When we ask clients what they want to be different, we give credibility to their beliefs and values regarding the problem and its solution. Accept client goals at face value because those are the desires that will excite and motivate—that will engage them in purposive work. If we are straining our actions through the alliance filter, goals other than those of the client will likely not fit through. Collaborative goal formation begins the process of change, wherever the client may ultimately travel.  Bottom line: Work on client goals. Period.

Agreement about the Tasks of Therapy

Asking for help to set the tasks of therapy further demonstrates respect for client capabilities, as well as our efforts to enlist participation in a collaborative endeavor. This is probably our biggest alliance blind spot. After all, we’re supposed to be the experts, right? The beauty of collaboratively setting the tasks of therapy is that we not only ensure the alliance is on track with an approach that resonates with everyone involved, but that this process also provides a continual impetus to broaden our theoretical horizons. Negotiating the tasks of therapy sets the stage for expanding your conceptual repertoire, your theoretical breadth.

This third aspect of the alliance,  agreement about tasks—finding a framework for therapy that both you and the client can believe in—is why it makes a lot of sense to ask clients about their ideas on how to proceed, or at the very least getting client approval of any intervention plan. Such a process has not been highly regarded in traditional psychotherapy—the search has been instead for interventions that promote change by validating the therapist’s favored theory. Serving the alliance requires taking a different angle—searching for ideas that promote change by validating the client’s view of what is helpful, the client’s theory of change.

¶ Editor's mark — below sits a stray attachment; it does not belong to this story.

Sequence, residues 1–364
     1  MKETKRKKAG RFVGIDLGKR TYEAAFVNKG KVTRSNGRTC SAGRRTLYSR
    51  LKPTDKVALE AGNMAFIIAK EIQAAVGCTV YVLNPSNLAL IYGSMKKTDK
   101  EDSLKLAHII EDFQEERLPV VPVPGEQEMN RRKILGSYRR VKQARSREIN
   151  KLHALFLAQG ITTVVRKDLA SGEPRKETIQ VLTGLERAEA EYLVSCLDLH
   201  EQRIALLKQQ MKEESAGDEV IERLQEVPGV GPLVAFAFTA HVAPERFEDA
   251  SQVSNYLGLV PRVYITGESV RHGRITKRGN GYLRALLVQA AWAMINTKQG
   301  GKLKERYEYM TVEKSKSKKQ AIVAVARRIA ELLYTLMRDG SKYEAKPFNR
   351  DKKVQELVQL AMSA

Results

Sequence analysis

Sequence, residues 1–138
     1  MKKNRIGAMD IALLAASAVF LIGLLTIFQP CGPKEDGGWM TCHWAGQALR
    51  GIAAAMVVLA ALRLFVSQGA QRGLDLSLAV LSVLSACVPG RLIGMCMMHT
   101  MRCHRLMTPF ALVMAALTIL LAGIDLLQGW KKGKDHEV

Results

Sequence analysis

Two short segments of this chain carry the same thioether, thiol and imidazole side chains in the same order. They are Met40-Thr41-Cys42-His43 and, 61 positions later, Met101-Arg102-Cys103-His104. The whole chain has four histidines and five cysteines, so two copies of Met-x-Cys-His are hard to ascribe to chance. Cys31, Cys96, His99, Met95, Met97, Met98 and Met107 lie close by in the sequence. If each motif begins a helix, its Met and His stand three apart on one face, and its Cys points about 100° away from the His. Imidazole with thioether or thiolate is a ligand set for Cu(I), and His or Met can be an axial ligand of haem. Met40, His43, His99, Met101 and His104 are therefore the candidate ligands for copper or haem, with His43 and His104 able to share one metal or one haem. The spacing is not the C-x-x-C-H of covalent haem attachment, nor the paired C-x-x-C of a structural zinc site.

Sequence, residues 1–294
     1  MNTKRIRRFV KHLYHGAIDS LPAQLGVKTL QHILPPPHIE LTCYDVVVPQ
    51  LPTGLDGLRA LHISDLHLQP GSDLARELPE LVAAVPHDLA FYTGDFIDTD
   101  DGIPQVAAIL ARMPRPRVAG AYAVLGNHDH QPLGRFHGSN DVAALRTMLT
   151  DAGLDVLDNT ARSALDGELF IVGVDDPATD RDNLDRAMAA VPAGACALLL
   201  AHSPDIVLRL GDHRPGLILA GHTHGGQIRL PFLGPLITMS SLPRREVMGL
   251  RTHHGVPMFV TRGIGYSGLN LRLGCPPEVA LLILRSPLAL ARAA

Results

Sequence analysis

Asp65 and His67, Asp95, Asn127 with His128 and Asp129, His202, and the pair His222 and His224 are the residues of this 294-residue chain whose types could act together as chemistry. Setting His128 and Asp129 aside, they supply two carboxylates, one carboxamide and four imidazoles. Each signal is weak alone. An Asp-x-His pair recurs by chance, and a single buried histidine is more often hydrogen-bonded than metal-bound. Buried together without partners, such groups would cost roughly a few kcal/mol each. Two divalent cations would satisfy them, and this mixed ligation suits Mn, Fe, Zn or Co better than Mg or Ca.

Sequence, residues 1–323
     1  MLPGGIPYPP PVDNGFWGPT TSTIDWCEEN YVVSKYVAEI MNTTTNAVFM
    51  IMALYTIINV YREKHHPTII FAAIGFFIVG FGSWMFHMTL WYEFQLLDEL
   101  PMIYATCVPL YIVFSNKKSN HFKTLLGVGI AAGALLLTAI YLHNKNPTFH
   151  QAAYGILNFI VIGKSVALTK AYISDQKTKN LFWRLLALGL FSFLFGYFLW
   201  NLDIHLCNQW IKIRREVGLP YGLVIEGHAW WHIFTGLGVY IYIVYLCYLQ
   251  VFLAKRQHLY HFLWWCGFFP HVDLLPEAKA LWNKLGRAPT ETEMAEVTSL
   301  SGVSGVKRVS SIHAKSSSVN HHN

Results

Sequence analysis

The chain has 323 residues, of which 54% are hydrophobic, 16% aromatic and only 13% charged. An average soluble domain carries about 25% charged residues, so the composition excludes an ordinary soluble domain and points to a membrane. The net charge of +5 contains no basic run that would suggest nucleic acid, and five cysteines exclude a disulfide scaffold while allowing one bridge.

It is important to recognize that the alliance is the therapy, and that everything you do must be strained through the alliance filter. Does your behavior build or risk the alliance? Does your model and technique engage or not engage the client in purposeful work? And, of course, the proof of the pudding is in the eating. The answer can only be derived from the client’s response to any treatment delivered—the client’s feedback regarding progress in therapy and the quality of the alliance. Yes, the Outcome Rating Scale (ORS) and the Session Rating Scale (SRS).

Better Outcomes Now

By the way, the Partners for Change Outcome Management System (Better Outcomes Now) is the first and only system that includes every session use of an alliance measure. From the beginning, over 20 years ago, we valued the client’s voice about the relationship.

There are several reasons to monitor the alliance session by session,

  • The alliance is a robust predictor of outcome.
  • It is the client’s perspective that is predictive, not the therapist’s.
  • Administering the SRS creates space for collaboration and the structure to build the alliance—sends message that client experience matters.
  • Promotes discussion of cultural differences.
  • Provides opportunity for clients to use their voice in a safe space which may empower them to speak up in other situations; allows us to model accepting critical feedback.
  • Helps us expand our relational repertoire and form better alliances across clients—to get better results.

The alliance is your craft. Practice well the skills of your craft. At some point, your craftsmanship elevates to art.